How to outsmart the online shopper

May 11, 2017

 

You’ve heard the saying “if you can’t beat-em, join-em”.  Well the same goes for the world of interior designing.

 

I was giving an interview the other day to a blogger who was writing about marketing for the design industry.  She asked me the same question that I hear so many designers ask.  How can you succeed in the world of interior design when there are so many ways for people to shop for furniture online?  My answer was simple.

 

“Stop trying to outsmart those clients, and re-design your business to work WITH them.”

 

She was right, there are more ways for the average homeowner to design their own home than ever.  They can find inspiration by watching Fixer-Upper and the Property Brothers on TV.  They can see how the pros solve challenging design problems by surfing through Houzz pictures.  They can even buy designer furniture at near wholesale prices online.  A privilege that used to be exclusive to professional interior designers.

 

While that might sound like bad news for those who make their living shopping for furniture, it’s actually a blessing.

 

Gone are the days when we had to convince a client that hiring an Interior Designer could change their lives.  It was frustrating to work with a client who had NO IDEA what a well designed room looks like, and even tougher to interpret what their own design style was.

 

The increased exposure of the average homeowner to the world of design, is helping us to qualify our clients, and saves us from inconsiderate people who invite us out to their homes fishing for free advice.  If they want free design advice, they can spend hours on Pinterest.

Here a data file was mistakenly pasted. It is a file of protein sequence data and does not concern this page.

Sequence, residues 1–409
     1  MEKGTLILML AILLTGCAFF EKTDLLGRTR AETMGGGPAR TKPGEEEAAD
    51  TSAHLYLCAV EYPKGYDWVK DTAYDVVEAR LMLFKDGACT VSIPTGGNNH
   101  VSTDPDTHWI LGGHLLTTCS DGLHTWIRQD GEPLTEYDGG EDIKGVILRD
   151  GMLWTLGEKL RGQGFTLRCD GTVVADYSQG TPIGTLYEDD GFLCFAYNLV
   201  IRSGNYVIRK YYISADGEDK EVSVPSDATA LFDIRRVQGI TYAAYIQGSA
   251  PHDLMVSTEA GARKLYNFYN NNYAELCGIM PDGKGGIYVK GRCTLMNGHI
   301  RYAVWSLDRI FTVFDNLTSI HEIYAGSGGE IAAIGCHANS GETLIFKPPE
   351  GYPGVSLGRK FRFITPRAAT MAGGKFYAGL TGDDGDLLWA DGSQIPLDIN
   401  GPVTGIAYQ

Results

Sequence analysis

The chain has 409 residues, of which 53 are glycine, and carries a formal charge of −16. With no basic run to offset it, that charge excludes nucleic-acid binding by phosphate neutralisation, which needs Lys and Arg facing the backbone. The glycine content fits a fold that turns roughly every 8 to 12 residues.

Today our clients are more educated about design, so how can you use this cultural shift to redesign your business model and embrace the modern homeowner?  Simply provide them with a service that combines your natural gift for creating beautiful spaces, with their love of online shopping.

 

Remember, not everyone has your talent.  They might be able to recognize a pretty room, or create a list of furniture that they’d love to own, but can they pull it all together into a beautiful design?  Do they know which grey paint will coordinate with their floor tile, or how long that Ikea sofa will last?  Probably not.  What happens if they buy a custom sofa online only to find that it doesn’t fit through their doorway?  See where I’m going here?

 

Even the most diehard online bargain shopper can create an expensive disaster when trying to DESIGN their own space.  That’s why they need you!

 

My pricing structure, and design services have evolved with the times and so should yours.  I always teach my Design for a Living students that flexibility is a critical aspect of running a successful interior design business.  It’s the reason that I also teach, not to list your prices online or during your first conversations.  You can’t give them a price for your services until you’ve been to their house and you understand what services they’ll ultimately want.  Here are a few that I recommend.

 

At your first house-call, when you’ve asked a hundred questions getting to know them and their style, if you believe that this client is a definite online design shopper, then offer them a “Design Road Map”.  It’s a package that essentially creates a general design concept and furniture shopping list, a suggested floor plan, and possibly a color palate.  It’s a powerful tool that they can use to guide them to the gorgeous room of their dreams, (with little time investment from you).

 

On the other hand, if you discover that they are the typical, clueless homeowner, who doesn’t even know where to start with their room then wonderful.  You can offer them your full service, take charge at every step of the way, super duper design package that will cost quite a bit more.

 

I encourage you to take a fresh look at your design business and learn to love the new online shopper.  Create a series of design packages that fit all of your clients, and you’ll find that your business will increase rather than fade away.

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